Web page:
J Cancer 2019; 10(23):5764-5769. doi:10.7150/jca.29034

Research Paper

Influencing Factors of High-Risk Human Papillomavirus Infection and DNA Load According to the Severity of Cervical Lesions in Female Coal Mine Workers of China

Yuanjing Lyu1*, Ling Ding1*, Tao Gao2, Ying Li3, Li Li1, Ming Wang1, Yang Han1, Jintao Wang1✉

1. Department of Epidemiology, School of Public Health, Shanxi Medical University, Taiyuan, China.
2. Department of Preventive Medicine, Robert H. Lurie Comprehensive Cancer Center, Feinberg School of Medicine, Northwestern University, Chicago, America.
3. Department of pathology, Jincheng General Hospital, Jincheng, China.
* These authors contributed equally to this work.

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Citation:
Lyu Y, Ding L, Gao T, Li Y, Li L, Wang M, Han Y, Wang J. Influencing Factors of High-Risk Human Papillomavirus Infection and DNA Load According to the Severity of Cervical Lesions in Female Coal Mine Workers of China. J Cancer 2019; 10(23):5764-5769. doi:10.7150/jca.29034. Available from http://www.jcancer.org/v10p5764.htm

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Abstract

High-risk human papillomavirus (HR-HPV) plays an aetiological role in the progression of cervical cancer and precancerous lesions. Determining the risk factors of HR-HPV infection is useful for HR-HPV infection surveillance and control. We aimed to explore the influencing factors of HR-HPV infection in female coal mine workers, and to evaluate the associations between HR-HPV DNA load and cytological and histological changes of cervix. In total 6,325 participants completed standard questionnaire on potential influencing factors of HR-HPV infection and underwent gynecological examinations, HPV test as well as Thinprep cytology test (TCT). 1,512 women with positive results of HPV and/or TCT were referred to colposcopy with biopsy and histological examination. HR-HPV DNA load was evaluated by Digene second generation hybrid capture (HC2) assay. Multiple unconditional logistic regression analysis was used to determine the influencing factors for HR-HPV infection. Of 6,325 study participants, 1,405 (22.2%) were HR-HPV positive. HR-HPV infection rate was higher in women aged 30-50 years, with lower education level, working inside the mines and engaging in shift work. Risk factors for HR-HPV infection in female coal mine workers included contraception (OR=1.395, 95%CI=1.102-1.458), previous artificial abortion (OR=1.603, 95%CI=1.202-1.856), working inside the mines (OR=1.230, 95%CI=1.056-1.528) and history of gynecological diseases (OR=1.198, 95%CI=1.001-1.462), while menopause was a protective factor (OR=0.402, 95%CI=0.306-0.507). The HR-HPV DNA load significantly increased with the severity of cervical cytological (χ2trend=177.372, p<0.001) and histological (χ2trend=194.501, p<0.001) changes. The results indicated that HR-HPV infection is highly prevalent in female coal mine workers in China. Contraception, artificial abortion, working inside the mines and gynecological diseases could increase the risk of HR-HPV infection in these women. HR-HPV DNA load might predict risks of cervical precancerous lesions and cancer. Our findings could provide scientific basis for reducing the risk of HR-HPV infection and cervical cancer in this vulnerable population.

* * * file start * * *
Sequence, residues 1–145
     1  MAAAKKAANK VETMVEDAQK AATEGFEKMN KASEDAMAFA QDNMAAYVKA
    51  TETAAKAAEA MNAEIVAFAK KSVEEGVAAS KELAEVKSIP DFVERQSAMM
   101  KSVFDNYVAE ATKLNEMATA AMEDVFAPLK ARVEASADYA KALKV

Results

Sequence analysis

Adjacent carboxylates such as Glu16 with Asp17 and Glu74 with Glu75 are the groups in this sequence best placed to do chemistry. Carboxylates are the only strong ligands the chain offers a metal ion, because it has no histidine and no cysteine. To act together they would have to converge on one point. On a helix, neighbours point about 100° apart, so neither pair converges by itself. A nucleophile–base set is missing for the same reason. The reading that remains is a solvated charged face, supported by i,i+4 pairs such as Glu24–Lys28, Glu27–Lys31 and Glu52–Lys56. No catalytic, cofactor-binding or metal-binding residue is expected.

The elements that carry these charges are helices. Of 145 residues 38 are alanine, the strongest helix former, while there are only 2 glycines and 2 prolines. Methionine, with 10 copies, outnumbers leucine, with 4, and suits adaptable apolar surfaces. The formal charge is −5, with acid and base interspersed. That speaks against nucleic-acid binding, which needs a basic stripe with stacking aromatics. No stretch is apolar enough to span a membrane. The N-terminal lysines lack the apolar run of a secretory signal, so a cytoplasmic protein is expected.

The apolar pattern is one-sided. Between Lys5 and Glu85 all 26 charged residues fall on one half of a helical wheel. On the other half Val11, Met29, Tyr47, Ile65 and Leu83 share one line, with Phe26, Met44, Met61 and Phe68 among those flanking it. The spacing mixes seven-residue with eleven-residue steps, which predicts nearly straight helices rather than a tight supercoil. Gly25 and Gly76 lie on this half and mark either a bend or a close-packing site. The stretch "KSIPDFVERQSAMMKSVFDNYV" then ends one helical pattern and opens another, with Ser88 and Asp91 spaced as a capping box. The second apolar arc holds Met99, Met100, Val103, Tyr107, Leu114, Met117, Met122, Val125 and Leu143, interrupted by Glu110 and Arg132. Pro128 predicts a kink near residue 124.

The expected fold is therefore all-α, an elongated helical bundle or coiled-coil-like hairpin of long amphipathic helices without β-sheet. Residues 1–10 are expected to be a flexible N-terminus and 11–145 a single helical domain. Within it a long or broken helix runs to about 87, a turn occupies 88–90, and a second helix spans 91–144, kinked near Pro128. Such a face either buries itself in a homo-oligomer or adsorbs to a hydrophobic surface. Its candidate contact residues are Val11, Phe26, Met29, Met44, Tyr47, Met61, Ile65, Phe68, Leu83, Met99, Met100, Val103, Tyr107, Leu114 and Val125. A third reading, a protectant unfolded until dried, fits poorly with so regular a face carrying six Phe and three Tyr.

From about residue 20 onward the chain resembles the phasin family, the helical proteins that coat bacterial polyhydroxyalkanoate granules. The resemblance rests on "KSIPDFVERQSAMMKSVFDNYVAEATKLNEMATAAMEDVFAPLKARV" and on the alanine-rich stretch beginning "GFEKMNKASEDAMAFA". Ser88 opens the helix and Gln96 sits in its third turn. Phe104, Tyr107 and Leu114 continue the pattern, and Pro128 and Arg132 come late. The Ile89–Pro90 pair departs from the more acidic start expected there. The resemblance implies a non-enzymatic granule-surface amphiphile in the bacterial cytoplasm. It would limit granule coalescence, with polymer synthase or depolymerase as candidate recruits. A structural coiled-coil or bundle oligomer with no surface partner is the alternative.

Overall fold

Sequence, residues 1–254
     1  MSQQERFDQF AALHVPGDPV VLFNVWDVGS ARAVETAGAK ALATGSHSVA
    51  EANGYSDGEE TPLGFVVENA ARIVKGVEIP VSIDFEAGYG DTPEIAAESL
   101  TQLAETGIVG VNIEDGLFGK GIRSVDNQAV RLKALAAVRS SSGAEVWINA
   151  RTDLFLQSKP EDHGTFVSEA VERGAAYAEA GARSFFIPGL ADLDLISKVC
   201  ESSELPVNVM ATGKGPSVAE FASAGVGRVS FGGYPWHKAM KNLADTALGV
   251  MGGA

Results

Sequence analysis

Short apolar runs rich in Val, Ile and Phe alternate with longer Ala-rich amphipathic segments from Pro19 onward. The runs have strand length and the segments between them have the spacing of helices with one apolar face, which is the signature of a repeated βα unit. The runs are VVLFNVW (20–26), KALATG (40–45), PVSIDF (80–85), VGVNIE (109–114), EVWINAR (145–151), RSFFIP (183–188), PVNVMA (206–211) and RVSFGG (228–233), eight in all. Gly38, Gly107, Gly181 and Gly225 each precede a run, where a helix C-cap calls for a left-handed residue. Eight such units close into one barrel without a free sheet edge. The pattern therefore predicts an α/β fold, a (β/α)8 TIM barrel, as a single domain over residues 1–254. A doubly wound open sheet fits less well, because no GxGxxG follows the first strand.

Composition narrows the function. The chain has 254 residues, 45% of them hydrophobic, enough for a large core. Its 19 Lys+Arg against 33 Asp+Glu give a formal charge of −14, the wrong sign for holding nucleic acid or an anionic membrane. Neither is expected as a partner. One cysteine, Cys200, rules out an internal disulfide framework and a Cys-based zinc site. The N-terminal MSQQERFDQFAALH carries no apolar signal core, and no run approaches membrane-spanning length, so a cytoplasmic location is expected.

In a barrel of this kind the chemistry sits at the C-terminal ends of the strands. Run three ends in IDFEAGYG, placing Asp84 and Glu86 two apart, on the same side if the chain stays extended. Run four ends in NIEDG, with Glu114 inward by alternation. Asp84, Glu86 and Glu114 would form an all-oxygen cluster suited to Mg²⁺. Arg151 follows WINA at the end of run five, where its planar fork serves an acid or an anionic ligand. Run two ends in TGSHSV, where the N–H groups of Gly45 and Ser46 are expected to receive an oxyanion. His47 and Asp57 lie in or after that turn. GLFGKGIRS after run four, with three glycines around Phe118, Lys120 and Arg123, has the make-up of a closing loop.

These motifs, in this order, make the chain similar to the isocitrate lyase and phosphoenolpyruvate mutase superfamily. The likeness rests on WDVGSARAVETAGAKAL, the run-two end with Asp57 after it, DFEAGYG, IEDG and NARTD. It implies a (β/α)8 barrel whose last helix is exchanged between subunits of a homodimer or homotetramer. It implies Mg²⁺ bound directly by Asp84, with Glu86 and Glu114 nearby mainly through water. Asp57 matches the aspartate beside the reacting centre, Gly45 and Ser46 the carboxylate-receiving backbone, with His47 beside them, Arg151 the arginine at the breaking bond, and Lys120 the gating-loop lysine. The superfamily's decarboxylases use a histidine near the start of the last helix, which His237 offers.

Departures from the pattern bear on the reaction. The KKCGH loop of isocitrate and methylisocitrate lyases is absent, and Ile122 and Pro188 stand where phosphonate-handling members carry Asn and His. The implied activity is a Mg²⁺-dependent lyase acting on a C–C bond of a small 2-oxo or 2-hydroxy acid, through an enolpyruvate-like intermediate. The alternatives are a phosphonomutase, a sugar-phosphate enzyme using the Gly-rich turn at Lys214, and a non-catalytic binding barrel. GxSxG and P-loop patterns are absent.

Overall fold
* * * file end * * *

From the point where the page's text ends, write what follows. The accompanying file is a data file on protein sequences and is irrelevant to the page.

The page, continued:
Keywords: HR-HPV infection, influencing factors, HR-HPV DNA load, female coal mine workers